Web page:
Implementation Plans are most likely to have a chance of being implemented if they have been produced and validated collaboratively by key stakeholders/LSG.

Some partners may start from scratch and develop a fully-fledged plan. Others may be working in an area where there is already an advanced plan in place, so a parallel plan may be counterproductive and it might be more useful to evaluate and propose adjustments to the existing plan instead.

After the seminar on the exchange of experiences, you will receive more information on this. Meanwhile pay attention to the project manual, where you will also find more details on the LSGs.

The deadline for having established a Local Support Group is by the French partner meeting in September 2012. Please get in contact with Jane jarh@rn.dk or Pepe micropol.es@gmail.com if any question or problems occur.

Presentation on the Estonia Labor Market policy and measures, Mr. Siim Sarapuu, Estonian Unemployment Insurance Fund www.tootukassa.ee The Estonian Unemployment Insurance Fund helps unemployed people to get a job by offering career information, job search workshops and mobile consulting. The training is bought from private companies.

They are very focused on diverse measures provided to access individual needs. Focusing on skills and solutions help individuals to focus on their needs and wishes.

To support them they have established partnerships med the municipalities to activate longterm unemployment with multiple barriers to employment.

In the communication with the clients, the counselor can decide whether to communicate via e-mail or letter. It depends on the skills of the unemployed and for how long the person has been out of job. People with long-term unemployment, needs to have some sort of social contact. In this case it is not enough just to send them money every month and en e-mail once in a while. Often they have psychological problems as well and by having personal contact they feel more important. However the digital communication with the unemployed is increasing.

Estonia has been affected by the crisis as everyone else, but the number og vacancies have increased in Tallinn lately. There is a 7% unemployment rate in Tallinn right now and it has been more difficult to find good people.

The minimum wage in Estonia is 290 EUR/month. 2/3 of the unemployed are without unemployment benefits which leaves them with 60 EUR/month.

As part of the activation, unemployed are offered 6 months in subsidy jobs in rural areas. The benefit is twofold ; the unemployed are being activated and there are jobs being brought to the rural areas. But it is a difficult project seeing that only 10% of the unemployed people are willing to work for minimum wage – even though they are told that they have to start in a new direction (branches, jobs). The benefit for the companies is that they get the workforce cheaper – 50% but no more than minimum wage. However the companies would never outplace the employers if there hasn’t been some sort of support system in the rural areas.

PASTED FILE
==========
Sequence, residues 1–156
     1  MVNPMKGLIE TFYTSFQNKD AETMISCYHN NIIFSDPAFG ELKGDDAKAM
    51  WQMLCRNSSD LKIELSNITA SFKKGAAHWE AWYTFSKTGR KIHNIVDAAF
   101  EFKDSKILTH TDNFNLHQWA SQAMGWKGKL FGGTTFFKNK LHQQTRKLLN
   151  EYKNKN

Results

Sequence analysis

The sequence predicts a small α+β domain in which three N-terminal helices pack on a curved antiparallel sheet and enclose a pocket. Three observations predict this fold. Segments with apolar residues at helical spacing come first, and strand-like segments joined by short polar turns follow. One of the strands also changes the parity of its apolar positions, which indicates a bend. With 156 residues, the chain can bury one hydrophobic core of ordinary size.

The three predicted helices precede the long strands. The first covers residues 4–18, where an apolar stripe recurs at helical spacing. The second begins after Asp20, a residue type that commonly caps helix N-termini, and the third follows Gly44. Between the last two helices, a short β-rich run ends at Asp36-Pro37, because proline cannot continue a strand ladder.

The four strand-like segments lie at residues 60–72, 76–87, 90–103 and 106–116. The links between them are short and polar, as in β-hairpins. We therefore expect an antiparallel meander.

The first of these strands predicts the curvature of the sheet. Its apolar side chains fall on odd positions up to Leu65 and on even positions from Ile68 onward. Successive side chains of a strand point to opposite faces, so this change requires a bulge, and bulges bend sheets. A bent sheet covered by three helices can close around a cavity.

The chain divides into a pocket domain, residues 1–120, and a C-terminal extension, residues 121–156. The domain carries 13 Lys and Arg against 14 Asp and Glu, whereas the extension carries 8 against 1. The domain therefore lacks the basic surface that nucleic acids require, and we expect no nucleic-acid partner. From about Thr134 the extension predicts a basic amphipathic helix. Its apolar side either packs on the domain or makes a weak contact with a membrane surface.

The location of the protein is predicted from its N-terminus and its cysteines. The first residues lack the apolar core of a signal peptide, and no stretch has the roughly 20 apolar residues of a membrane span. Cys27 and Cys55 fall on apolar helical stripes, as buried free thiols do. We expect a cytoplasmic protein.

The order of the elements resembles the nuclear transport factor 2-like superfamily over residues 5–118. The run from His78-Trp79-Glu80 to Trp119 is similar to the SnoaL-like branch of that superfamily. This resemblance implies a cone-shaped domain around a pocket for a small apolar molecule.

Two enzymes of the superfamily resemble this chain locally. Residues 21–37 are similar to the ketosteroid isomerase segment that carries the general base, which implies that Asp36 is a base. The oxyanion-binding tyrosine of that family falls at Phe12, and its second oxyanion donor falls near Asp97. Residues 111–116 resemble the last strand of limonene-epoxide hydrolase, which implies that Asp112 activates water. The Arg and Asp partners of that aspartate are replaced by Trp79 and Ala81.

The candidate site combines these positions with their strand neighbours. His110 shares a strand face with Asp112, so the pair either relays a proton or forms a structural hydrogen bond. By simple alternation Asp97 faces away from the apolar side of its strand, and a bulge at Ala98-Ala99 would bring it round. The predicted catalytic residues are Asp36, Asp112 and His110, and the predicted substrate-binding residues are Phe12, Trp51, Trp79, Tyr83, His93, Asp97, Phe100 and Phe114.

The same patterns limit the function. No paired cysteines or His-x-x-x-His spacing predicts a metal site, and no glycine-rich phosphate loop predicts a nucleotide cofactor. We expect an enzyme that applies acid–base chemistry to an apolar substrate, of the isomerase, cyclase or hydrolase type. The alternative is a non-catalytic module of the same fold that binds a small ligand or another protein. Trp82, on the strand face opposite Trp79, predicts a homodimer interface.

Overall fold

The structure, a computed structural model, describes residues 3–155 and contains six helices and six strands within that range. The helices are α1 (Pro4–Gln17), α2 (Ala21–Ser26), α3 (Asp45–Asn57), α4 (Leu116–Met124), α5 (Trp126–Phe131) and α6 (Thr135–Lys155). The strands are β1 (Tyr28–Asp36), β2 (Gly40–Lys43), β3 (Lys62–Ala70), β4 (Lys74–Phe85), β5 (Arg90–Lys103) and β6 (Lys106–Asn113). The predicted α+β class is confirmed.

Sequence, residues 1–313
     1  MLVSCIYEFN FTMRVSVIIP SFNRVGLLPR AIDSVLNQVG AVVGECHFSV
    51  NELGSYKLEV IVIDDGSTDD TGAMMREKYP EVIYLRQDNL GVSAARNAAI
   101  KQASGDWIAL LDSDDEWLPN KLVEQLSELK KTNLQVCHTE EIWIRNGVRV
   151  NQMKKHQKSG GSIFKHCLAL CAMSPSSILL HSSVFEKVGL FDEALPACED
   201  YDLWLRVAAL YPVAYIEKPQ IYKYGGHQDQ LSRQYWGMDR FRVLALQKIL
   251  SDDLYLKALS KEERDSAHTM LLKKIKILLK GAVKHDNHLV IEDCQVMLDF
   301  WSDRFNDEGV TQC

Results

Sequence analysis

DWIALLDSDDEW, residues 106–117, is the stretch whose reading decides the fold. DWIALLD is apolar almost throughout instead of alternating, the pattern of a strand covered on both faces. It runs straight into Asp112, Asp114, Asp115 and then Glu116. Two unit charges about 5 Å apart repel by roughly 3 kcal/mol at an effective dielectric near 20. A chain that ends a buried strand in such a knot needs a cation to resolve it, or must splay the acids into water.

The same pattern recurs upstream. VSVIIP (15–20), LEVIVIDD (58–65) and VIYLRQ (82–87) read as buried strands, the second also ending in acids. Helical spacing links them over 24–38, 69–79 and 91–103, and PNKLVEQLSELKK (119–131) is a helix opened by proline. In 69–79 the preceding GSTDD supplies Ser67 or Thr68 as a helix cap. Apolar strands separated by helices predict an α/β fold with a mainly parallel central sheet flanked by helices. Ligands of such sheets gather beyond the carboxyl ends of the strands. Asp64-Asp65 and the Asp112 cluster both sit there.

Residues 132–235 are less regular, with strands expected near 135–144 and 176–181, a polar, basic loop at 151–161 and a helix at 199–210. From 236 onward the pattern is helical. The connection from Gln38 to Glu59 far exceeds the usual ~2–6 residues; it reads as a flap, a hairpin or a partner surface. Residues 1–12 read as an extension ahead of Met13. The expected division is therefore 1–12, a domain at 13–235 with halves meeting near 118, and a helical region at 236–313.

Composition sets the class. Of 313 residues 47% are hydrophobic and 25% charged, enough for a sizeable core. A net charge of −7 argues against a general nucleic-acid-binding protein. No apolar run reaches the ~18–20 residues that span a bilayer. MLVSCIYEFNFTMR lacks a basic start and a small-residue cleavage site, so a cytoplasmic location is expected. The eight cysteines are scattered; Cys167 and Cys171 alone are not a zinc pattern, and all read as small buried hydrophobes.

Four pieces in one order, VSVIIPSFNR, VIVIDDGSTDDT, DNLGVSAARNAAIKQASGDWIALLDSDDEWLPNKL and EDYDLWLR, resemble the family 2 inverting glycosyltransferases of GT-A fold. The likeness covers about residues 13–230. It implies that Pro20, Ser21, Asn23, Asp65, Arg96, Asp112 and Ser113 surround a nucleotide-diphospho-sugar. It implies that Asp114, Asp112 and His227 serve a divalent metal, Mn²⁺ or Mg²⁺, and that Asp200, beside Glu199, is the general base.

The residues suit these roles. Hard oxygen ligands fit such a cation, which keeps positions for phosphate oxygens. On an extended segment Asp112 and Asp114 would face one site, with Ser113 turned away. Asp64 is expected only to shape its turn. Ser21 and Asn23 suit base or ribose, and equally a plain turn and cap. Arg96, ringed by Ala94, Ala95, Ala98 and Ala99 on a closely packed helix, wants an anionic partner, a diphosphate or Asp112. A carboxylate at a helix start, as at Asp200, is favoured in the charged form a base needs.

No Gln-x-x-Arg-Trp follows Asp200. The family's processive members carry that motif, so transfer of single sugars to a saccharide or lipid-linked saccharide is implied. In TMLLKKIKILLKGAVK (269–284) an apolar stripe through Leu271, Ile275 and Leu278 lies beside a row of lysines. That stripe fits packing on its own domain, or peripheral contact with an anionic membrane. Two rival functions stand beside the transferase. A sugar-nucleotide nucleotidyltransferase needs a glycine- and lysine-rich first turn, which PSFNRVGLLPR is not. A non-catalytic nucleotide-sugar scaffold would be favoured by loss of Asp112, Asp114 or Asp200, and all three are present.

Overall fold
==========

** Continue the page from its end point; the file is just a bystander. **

They expect 10-15% of black work, but in some places it may be more than that. The biggest challenge for Estonia is the possibility of earning 3-4 times more in Finland.

Presentation of the Estonian e-Government System and ICT solutions, Ms. Anna Hrapovtskaja, the Estonian Demo Centre, www.e-estonia.com Estonia is one of the most advanced e-societies in the world that grew out of a partnership between the government, the ICT-sector and the population. The Estonian population enjoys a wide range of e-solutions.

Instead of developing a single, all-encompassing central system, Estonia created an open, decentralized system that links together various services and databases.

At the ICT Demo Center they show how the ICT solutions work in real time, encourage the use of ICT solutions globally, help Estonian ICT sector to raise the export and create a common platform for international cooperation in the field of ICT solutions.

In 2002 Estonia introduced the Personal ID card nationwide. 87% of the population has the ID card which is compulsory for all residents. The card contains personal information, is a certificate for authentication – along with e-mail address forename.lastname@eesti.ee and it is a certificate for digital signature. In 2007 the mobile ID were introduced that allows using the mobile phone as a form of secure ID.

With the personal ID it is possible for each inhabitant to sign in digitally and can for example take care of

  • • e-banking (get in touch with bank accounts, transfer money, etc.)
  • • e-school (parents communicate with their children’s’ school and have an overview of homework, grades, attendants, etc. as well as communicating with the teachers directly via e-mail)
  • • e-voting (vote from any internet-connected computer form anywhere in the world)
  • • e-health (see the personal medical record and pick up e-prescriptions)
  • • e-tax (file taxes and get refunds immediately)
  • • Land register (information on all ownership relations concerning real estates and land parcels)
  • • Business register (it is possible to start own business within 20 minutes and do all reporting online)
  • • E-ticket (as a pre-paid ticket for public transport)
  • With the Mobile-ID it is possible to
  • • make payments instead of using credit cards